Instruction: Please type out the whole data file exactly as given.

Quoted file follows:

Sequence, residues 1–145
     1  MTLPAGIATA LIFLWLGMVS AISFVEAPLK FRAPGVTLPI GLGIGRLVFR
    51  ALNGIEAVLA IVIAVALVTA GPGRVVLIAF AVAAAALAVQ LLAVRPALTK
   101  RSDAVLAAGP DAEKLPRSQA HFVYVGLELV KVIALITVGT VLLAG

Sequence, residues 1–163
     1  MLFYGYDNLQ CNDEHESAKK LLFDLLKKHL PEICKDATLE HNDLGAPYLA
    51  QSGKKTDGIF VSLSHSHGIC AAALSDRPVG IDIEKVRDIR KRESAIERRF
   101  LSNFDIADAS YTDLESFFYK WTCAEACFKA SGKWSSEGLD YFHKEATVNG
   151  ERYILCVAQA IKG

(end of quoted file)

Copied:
Sequence, residues 1–145
     1  MTLPAGIATA LIFLWLGMVS AISFVEAPLK FRAPGVTLPI GLGIGRLVFR
    51  ALNGIEAVLA IVIAVALVTA GPGRVVLIAF AVAAAALAVQ LLAVRPALTK
   101  RSDAVLAAGP DAEKLPRSQA HFVYVGLELV KVIALITVGT VLLAG

Sequence, residues 1–163
     1  MLFYGYDNLQ CNDEHESAKK LLFDLLKKHL PEICKDATLE HNDLGAPYLA
    51  QSGKKTDGIF VSLSHSHGIC AAALSDRPVG IDIEKVRDIR KRESAIERRF
   101  LSNFDIADAS YTDLESFFYK WTCAEACFKA SGKWSSEGLD YFHKEATVNG
   151  ERYILCVAQA IKG